Condition of our crops

Alex Doty • Jun 24, 2017 at 10:00 AM

Hot, dry conditions were becoming commonplace across Ottawa County and much of West Michigan for most of the late spring.

But recently, the region has received rain, and temperatures have drifted downward.

Although conditions have improved, the Michigan State University Extension service says products like small fruit crops still require supplemental irrigation to make up for the lack of water in order to be successful.

Given our roller coaster of weather conditions, how are some of our county crops doing this season?


Dave Reenders of Crossroads Blueberry Farm in Grand Haven Township is anticipating a good season for this year’s blueberry harvest.

“The winter was light, so the bushes came out of the winter good,” he said.

Reenders noted that even with the hot, dry conditions that’ve occurred the past several weeks, recent weather has helped out on the fields.

“I think our crop is coming in pretty nicely, as far as the timing,” he said. “I think we’re on schedule.”

According to the MSU Extension, most blueberries varieties are still in the green fruit stage, but continue to size as they advance toward the harvest stage of development.

Reenders said there could be a little bit of earlier variety blueberries ready for the picking around July 4, but noted that the bulk of the crop probably won’t be ready to harvest until the middle of the month.

The extension service says problems with the blueberry crop are related to a heavy June drop in the Jersey and Elliott varieties due to a combination of drought and bad pollination. After this week’s rains, conditions in most fields are expected to improve.

Insect pest problems are related to large numbers of cranberry fruitworm adults still trapped in blueberry fields. Those pests continued flying during the past week, with large numbers still being caught in the area.

Vegetable crops

While the asparagus season is coming to a close for many farmers, there is still plenty to look forward to for many other veggies later in the year.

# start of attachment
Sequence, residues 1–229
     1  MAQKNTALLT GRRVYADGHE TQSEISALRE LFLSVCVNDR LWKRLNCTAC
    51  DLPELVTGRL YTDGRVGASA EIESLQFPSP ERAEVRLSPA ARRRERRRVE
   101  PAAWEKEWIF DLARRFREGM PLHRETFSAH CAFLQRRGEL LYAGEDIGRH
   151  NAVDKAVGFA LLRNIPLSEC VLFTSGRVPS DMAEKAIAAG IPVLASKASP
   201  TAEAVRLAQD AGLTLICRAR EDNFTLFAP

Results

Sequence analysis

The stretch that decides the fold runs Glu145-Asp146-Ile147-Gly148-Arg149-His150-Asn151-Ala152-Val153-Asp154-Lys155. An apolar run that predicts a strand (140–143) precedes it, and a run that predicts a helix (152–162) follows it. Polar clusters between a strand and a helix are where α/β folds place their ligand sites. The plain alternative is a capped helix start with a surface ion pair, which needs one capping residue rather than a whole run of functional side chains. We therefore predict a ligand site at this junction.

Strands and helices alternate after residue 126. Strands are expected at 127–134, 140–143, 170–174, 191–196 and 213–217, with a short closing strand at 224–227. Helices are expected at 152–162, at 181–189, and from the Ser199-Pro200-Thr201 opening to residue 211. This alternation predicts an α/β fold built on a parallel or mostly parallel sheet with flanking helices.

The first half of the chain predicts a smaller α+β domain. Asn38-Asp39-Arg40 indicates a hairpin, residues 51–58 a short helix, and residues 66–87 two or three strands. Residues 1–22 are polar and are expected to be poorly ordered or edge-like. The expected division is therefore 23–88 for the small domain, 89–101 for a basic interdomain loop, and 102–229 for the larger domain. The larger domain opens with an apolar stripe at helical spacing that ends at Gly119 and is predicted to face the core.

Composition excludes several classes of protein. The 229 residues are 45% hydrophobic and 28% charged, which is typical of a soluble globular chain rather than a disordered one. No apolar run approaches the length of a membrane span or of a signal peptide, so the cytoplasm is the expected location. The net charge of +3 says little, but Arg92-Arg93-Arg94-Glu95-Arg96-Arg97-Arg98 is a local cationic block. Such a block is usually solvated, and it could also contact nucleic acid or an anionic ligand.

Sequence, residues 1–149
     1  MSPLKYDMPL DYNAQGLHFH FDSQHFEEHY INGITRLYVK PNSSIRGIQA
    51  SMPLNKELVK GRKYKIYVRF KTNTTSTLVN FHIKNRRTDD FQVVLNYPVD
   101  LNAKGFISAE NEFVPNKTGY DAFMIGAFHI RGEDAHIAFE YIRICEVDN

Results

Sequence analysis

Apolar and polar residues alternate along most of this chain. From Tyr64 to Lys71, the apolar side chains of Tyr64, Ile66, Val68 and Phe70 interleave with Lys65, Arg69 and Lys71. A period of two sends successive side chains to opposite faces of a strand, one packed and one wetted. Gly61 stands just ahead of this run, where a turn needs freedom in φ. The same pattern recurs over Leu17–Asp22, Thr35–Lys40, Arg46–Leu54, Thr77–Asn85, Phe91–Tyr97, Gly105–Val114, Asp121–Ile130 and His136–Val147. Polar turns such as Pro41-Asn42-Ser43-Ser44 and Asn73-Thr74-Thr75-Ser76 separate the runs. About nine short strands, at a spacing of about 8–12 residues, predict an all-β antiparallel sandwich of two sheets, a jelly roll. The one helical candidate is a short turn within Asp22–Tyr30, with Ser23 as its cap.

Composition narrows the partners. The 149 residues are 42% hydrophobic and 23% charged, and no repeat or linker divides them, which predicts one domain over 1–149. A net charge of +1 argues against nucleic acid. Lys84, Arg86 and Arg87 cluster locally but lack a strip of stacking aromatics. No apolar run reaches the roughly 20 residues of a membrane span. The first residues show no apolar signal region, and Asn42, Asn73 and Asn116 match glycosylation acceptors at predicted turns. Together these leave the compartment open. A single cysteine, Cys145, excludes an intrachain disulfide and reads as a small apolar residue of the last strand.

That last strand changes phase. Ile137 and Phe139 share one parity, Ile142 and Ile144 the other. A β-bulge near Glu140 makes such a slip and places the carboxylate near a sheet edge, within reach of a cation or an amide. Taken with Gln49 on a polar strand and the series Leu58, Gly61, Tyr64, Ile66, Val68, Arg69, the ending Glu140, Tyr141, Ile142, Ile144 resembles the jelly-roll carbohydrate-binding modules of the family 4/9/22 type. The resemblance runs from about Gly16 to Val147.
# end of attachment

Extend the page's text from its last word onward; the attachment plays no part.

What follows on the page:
This includes the produce that Mike Dykstra specializes in at T. Dykstra & Sons Inc. The Hudsonville farm focuses on peppers, pumpkin and squash that’s harvested later this year.

Dykstra said the season for them has gone well since they start their planting season later than other growers.

“When we got out there, a lot of that (hot, dry weather) was already past,” he said. “It’s going pretty well.”

Dykstra said that’s a far cry from what other producers had to deal with that plant earlier in the year.

“I think some of those growers earlier, it was so wet, then they got the cold weather, and then it was dry,” he said. “We missed out on all of that.”

Corn, potatoes, beans

It looks like corn will be ready come harvest time.

Mitch Visser of Crisp Country Acres in Holland said the farm did lose some of its bean crop in some of the higher areas that froze hard and a small amount of peppers that were not protected.

“When we had the cold weather, we try to protect them by improving the microclimate by putting down plastic over the rows and we put frost cloth where we could over some of the crops,” Visser said. “We covered a lot of potatoes, tomatoes, peppers, zucchini, cucumbers, pickles, and a lot of lettuce and spinach.”

Potatoes is the other crop most impacted by the weather, and a large portion of them turned black because of the heavy frost. Visser said area farmers are not too alarmed about the potato crop because potatoes can start over and be back on track within 2-3 weeks.


According to the MSU Extension service, the strawberry harvest continues with fruit of good flavor and quality due to dry weather that limited the presence of fruit rots at harvest time. However, some fields affected by root diseases had to cut their harvest short because the plants had increased water demand.

Another problem that affected strawberry fields was the presence of bronzing caused by weather conditions and, in some cases, by an outbreak of bugs.

Dale DeLange, of DeLange’s Redberry Farm in Hudsonville, noted that his production is down about 40 percent from this time last year.

“Every time you have a weather change or a different kind of weather pattern, you can get different pests and bugs and things like that,” he said. “When you have long stretches of dry, windy weather, we have seen some infiltration of pests that flew in.”

DeLange also said that because of the early warm-up the area had this year, his crops started to grow early, but then experienced freeze damage when temperatures dropped again.

The Holland Sentinel contributed to this report.

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